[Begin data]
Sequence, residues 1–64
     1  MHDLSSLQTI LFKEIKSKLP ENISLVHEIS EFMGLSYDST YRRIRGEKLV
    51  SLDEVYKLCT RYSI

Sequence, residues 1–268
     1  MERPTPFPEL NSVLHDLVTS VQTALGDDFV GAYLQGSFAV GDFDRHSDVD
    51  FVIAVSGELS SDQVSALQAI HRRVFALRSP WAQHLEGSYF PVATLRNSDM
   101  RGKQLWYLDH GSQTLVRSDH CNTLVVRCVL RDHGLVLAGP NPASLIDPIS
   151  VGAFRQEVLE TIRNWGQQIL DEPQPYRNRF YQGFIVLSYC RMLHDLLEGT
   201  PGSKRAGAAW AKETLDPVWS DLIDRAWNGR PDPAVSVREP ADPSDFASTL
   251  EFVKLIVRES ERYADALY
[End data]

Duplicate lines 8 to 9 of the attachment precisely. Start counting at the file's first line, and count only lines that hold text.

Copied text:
   151  VGAFRQEVLE TIRNWGQQIL DEPQPYRNRF YQGFIVLSYC RMLHDLLEGT
   201  PGSKRAGAAW AKETLDPVWS DLIDRAWNGR PDPAVSVREP ADPSDFASTL